As usual, comment over there.

Originally published at Swan Tower. You can comment here or there.

swan_tower: (gaming)

Well, one corner of it, at least.

In addition to this week’s regularly scheduled post — “Game Hangover,” on the ways that playing in or running a game can leave you drained afterward — I also have a related post up on Tor.com. Though it isn’t explicitly labeled as a Dice Tales entry, “How Your Role-Playing Game Campaign Can Inspire Your Novel” is an outgrowth of that series; I got recruited to write this piece specifically because of Dice Tales. So if you’re interested, go take a look, and comment over there!

Originally published at Swan Tower. You can comment here or there.

swan_tower: (gaming)

This week’s Dice Tales post is Backseat GMing, aka the equivalent of trying to lead from the follow position in ballroom dance. Comment over there!

Originally published at Swan Tower. You can comment here or there.

swan_tower: (gaming)

There was no post last week, but this week you get “Open Doors and Brick Walls”, about those moments when the GM and the players see a challenge completely differently, and how to identify and resolve those mismatches when they happen.

Comment over there!

Originally published at Swan Tower. You can comment here or there.

swan_tower: (gaming)

The two most recent Dice Tales posts are “Breathing Room,” on the necessity of downtime and “filler” in games, and “Best-Laid Plans,” on what you do when the story goes in a different direction than you expected.

Comment over there!

Originally published at Swan Tower. You can comment here or there.

swan_tower: (*writing)

I have survived our housewarming party, and with that in my tail-lights, let me catch up on a few things. And by a few, I mean a lot.

Like my newest Onyx Court story! “To Rise No More” is the tale of Ada Lovelace’s childhood friendship with faeries, and also her ambition to build herself a pair of wings to fly with. No seriously, I didn’t even make that part up. (The wings, not the faeries. But she did also refer to herself as “Babbage’s fairy helper,” so, y’know. Maybe not that part, either.) It went up at Beneath Ceaseless Skies on my birthday, which I found to be excellent timing.

Shifting gears to a different series, the Barnes and Noble blog has just revealed the cover to Lightning in the Blood, which is the upcoming sequel to the still-upcoming-but-will-be-out-next-Tuesday Cold-Forged Flame. As I said on Twitter, I didn’t know until I saw it that one of my life goals was to get a Giant Hunting Cat onto a book cover, but I can check that off my list now!

And while I’m at it, I’ve finally gotten an excerpt from Cold-Forged Flame posted to my site. One week — one week and it will finally be out . . . .

Also, I’ve been busy with the Roundtable Podcast, hosted by Dave Robison and Marie Bilodeau. And I do mean busy, as I’m in not one but two episodes. The first is part of their “Twenty Minutes With” series . . . which, with the introduction and everything else, wound up being more like Fifty Minutes With. But dear god, the introduction alone is worth it: Dave Robison has a habit of describing his guests in epic terms. I have never heard my own life sound so much like a superhero origin story.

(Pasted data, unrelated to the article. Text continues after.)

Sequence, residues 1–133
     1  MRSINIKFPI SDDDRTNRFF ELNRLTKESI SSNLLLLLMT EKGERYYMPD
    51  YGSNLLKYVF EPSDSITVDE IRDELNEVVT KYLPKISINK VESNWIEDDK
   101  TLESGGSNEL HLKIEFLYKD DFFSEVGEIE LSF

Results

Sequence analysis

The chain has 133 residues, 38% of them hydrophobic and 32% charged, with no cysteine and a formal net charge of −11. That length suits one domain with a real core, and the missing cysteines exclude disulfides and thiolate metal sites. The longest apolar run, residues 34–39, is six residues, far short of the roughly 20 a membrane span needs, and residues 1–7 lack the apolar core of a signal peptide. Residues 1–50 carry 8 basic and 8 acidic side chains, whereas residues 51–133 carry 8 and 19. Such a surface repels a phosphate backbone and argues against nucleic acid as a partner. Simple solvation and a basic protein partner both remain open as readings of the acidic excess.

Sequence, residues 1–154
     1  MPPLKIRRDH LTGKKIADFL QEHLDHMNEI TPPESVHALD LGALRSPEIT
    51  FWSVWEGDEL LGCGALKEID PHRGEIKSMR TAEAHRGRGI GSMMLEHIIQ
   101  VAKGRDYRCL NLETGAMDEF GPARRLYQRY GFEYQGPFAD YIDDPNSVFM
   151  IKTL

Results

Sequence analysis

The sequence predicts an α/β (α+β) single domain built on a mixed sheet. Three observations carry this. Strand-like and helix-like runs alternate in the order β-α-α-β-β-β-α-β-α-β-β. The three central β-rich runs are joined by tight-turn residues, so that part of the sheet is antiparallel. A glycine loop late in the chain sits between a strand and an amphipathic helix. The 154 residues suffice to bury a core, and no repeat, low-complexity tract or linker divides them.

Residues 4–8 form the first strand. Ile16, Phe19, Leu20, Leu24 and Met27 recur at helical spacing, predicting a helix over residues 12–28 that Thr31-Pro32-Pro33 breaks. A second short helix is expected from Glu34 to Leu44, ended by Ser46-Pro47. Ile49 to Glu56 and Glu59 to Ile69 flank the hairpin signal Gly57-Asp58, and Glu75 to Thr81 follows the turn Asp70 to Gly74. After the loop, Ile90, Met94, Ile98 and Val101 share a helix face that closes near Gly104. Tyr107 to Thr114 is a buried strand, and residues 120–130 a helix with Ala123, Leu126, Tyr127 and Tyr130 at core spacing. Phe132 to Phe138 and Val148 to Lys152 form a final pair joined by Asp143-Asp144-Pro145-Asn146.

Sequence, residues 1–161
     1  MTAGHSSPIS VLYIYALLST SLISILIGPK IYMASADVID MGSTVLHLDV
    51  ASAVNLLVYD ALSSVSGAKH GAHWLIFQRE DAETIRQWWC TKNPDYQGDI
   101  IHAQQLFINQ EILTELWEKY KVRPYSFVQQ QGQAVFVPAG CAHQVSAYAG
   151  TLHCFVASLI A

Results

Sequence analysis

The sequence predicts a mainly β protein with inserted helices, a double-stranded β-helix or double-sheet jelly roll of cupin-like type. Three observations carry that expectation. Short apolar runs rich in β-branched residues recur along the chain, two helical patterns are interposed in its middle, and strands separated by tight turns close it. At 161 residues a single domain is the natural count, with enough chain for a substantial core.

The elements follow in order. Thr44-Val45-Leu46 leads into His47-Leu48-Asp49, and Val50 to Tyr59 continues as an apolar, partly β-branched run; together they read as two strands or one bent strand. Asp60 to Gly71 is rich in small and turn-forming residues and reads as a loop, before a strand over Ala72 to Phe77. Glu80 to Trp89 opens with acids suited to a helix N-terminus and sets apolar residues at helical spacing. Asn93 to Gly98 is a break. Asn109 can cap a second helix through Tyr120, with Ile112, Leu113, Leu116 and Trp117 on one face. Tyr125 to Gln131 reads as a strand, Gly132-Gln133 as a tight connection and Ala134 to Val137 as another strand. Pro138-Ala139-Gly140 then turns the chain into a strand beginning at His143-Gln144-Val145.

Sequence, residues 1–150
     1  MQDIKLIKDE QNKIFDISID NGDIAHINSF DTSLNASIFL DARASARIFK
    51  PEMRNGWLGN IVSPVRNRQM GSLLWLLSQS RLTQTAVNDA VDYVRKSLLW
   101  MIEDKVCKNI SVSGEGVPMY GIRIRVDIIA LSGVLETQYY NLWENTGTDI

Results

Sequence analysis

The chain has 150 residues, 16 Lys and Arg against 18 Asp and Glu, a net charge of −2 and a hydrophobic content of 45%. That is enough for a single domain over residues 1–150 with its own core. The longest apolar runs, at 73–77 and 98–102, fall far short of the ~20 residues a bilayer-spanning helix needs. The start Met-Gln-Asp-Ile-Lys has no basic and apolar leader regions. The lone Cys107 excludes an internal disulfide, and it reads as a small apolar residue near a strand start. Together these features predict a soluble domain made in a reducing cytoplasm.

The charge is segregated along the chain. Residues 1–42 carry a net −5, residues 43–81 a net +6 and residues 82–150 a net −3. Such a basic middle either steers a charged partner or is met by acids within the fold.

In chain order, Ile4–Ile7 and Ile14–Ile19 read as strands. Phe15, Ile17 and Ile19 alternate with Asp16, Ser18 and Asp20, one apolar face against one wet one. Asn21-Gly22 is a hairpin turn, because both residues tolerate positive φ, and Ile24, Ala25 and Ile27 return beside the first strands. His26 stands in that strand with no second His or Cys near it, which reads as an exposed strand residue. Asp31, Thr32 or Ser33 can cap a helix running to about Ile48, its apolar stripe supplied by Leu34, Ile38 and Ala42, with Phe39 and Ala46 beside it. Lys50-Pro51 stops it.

So that’s the first episode; the second is part of their “Workshop” series, wherein a writer (or in this case, a writing pair) describe a project they’re working on and then get feedback from the assembled hosts. We dug into an urban fantasy premise for this one, a setting where a new drug is causing people to develop magical powers, and had lots of thinky thoughts on both the way the drug fits into the world and how to write the “psycho ex-girlfriend” trope in a sympathetic and complex manner.

And finally, I’ve got myself a brand-new setup on Imzy. Where by “brand-new,” I mean “there’s basically nothing there yet” — but I figured I should mention, for those who are busy exploring this new site. Then, having done that, I decided to spend my other community-creation slot on putting together one called Dice Tales, which is a spin-off of the blog posts I’ve been doing at Book View Cafe. Speaking of which: the most recent installments there are “Keeping Up with the Joneses,” on power escalation over the course of a campaign; “With Great Power,” on the GM’s ability to screw players over and responsibility to use that wisely; “GNS,” on Ron Edwards’ old Gamism-Narrativism-Simulationism framework; and then a two-parter that consists of “Game Planning I – Arcs, Acts, and Chapters” and “Game Planning II – Sessions and Scenes,” which are pretty much what it says on the tin. But the Imzy community is not just a place to reblog those posts; I’m hoping it will become a great discussion of storytelling in RPGs more broadly. So if you’re on Imzy and you find that kind of thing interesting, come on over!